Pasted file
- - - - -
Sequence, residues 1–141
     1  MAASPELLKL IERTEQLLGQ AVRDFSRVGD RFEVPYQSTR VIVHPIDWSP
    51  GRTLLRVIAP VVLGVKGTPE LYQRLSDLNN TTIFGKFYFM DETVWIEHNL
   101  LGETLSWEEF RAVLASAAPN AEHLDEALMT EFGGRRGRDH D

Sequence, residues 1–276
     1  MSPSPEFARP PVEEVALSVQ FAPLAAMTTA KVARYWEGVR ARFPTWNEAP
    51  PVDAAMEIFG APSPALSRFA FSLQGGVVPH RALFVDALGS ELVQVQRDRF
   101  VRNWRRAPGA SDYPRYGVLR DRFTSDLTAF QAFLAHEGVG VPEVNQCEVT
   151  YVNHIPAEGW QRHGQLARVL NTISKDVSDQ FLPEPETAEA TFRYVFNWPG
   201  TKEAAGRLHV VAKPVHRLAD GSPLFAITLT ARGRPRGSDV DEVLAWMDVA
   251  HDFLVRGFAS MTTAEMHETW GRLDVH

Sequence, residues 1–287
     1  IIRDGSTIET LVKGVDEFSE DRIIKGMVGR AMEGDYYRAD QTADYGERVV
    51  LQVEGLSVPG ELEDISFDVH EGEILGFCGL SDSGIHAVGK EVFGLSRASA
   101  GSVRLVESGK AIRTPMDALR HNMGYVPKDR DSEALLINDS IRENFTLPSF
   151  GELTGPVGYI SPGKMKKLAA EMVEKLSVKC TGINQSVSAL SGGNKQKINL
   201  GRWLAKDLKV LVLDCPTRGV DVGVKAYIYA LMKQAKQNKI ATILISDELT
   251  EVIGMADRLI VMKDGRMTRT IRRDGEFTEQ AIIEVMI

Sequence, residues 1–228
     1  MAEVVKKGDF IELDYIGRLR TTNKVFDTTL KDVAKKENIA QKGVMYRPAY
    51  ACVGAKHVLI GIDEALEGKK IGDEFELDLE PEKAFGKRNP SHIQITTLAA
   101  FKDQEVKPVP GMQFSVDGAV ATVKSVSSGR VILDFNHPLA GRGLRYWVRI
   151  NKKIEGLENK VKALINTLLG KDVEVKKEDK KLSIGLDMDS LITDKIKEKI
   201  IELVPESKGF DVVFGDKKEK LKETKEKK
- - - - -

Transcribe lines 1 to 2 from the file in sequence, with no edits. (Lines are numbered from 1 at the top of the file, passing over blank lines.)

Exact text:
Sequence, residues 1–141
     1  MAASPELLKL IERTEQLLGQ AVRDFSRVGD RFEVPYQSTR VIVHPIDWSP